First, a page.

There are lots of applications for data crunching in the security-obsessed worlds of the defense, healthcare, and financial services industries. The problem is that these organizations have a hard time crunching all that data without potentially exposing it to prying eyes. Sure, it would be great to pump it all into Amazon Web Services and then run a ton of analytics, but that whole public cloud thing is problematic for these kinds of companies.
CryptDB, a project out of MIT’s Computer Science and Artificial Intelligence Lab, (CSAIL) may be a solution for this problem. In theory, it would let you glean insights from your data without letting even your own personnel “see” that data at all, said Dr. Sam Madden, CSAIL director, on Friday.
“The goal is to run SQL on encrypted data, you don’t even allow your admin to decrypt any of that data and that’s important in cloud storage, Madden said at an SAP-sponsored event at Hack/reduce in Cambridge, Mass.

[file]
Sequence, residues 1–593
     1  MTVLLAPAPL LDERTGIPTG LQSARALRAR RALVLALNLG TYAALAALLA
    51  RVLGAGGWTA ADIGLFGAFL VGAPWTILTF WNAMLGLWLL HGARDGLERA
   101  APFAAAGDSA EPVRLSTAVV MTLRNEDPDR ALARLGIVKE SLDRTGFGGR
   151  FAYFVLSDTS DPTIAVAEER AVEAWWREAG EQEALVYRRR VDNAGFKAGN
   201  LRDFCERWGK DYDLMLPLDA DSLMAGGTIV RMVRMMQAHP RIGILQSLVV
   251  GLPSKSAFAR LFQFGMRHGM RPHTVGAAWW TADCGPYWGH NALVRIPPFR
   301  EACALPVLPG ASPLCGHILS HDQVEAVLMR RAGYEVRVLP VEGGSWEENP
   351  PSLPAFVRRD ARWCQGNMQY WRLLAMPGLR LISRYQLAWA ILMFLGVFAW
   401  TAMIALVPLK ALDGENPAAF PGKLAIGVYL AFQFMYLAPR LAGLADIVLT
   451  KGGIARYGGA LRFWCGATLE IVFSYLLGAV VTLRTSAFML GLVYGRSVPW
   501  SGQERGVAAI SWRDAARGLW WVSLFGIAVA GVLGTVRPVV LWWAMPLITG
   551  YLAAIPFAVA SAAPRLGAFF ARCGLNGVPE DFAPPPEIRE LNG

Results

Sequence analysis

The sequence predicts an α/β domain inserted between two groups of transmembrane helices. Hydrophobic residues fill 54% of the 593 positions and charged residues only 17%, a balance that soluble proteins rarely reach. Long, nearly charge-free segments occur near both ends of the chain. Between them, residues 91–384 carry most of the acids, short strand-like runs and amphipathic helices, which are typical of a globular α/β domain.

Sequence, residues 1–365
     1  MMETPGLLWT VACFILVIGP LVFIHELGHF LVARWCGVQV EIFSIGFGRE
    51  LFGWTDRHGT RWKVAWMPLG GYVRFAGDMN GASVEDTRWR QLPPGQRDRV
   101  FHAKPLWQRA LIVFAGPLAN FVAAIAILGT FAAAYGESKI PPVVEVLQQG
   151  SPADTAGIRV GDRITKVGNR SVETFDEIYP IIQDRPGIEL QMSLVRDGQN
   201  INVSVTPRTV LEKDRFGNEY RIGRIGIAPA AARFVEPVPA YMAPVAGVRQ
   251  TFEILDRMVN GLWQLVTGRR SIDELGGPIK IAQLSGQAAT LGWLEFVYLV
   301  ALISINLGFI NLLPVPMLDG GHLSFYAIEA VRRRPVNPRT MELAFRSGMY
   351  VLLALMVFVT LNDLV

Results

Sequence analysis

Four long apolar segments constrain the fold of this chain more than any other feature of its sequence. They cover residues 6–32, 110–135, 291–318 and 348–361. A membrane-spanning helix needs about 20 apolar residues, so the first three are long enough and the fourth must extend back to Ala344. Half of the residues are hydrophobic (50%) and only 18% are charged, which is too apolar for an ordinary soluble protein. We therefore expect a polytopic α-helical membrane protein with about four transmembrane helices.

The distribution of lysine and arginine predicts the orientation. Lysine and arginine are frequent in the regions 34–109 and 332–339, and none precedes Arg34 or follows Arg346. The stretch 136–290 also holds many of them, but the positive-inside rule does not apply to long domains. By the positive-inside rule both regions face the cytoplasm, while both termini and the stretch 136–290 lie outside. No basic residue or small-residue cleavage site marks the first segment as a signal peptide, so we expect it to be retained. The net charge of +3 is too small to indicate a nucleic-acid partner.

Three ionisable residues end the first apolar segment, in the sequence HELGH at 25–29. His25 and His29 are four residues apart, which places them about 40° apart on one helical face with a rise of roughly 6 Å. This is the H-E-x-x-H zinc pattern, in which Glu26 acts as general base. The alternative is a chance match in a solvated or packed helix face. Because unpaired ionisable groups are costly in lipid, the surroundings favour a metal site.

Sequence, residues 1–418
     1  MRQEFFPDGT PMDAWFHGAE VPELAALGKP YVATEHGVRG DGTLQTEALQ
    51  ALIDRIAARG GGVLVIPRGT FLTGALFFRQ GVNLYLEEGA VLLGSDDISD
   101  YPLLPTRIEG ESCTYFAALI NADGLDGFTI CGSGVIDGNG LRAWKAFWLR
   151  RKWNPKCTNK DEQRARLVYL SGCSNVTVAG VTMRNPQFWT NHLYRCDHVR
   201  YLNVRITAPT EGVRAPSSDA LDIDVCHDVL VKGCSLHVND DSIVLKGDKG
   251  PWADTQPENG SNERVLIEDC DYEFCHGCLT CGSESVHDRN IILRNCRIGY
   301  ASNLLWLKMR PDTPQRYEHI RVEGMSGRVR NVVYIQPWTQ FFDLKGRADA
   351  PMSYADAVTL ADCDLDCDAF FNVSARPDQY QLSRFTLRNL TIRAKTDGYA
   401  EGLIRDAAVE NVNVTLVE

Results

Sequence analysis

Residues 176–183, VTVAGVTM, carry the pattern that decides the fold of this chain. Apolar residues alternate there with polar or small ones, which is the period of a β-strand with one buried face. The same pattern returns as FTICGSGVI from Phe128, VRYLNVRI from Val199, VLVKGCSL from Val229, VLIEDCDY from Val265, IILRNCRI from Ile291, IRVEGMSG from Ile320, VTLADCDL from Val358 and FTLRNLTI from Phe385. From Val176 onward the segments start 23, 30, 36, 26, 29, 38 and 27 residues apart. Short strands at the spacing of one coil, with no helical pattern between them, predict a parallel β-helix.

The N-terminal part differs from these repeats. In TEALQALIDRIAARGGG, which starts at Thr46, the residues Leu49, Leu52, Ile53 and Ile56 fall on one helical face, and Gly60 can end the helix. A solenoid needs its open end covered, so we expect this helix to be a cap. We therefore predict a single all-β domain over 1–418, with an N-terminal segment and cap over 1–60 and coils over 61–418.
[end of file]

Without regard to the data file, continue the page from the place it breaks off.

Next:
He described the technology in broad strokes but it involves an unmodified MySQL or Postgres app on the front end that talks to a CryptDB query rewriter in the middle which in turn talks to a MySQL instance at the back end.
According to CryptDB’s web page:
“It works by executing SQL queries over encrypted data using a collection of efficient SQL-aware encryption schemes. CryptDB can also chain encryption keys to user passwords, so that a data item can be decrypted only by using the password of one of the users with access to that data. As a result, a database administrator never gets access to decrypted data, and even if all servers are compromised, an adversary cannot decrypt the data of any user who is not logged in.”
The technology is being built by a team including Raluca Ada Popa, Catherine Redfield, Nickolai Zeldovich and Hari Balarkishan.
CryptDB could also run in a private cloud but there are still some big implementation questions. Asked how CryptDB would negotiate data transmission through firewalls, for example, Madden punted. “That’s not something we’re focusing on. The great thing about being an academic is we can ignore some problems,” he said.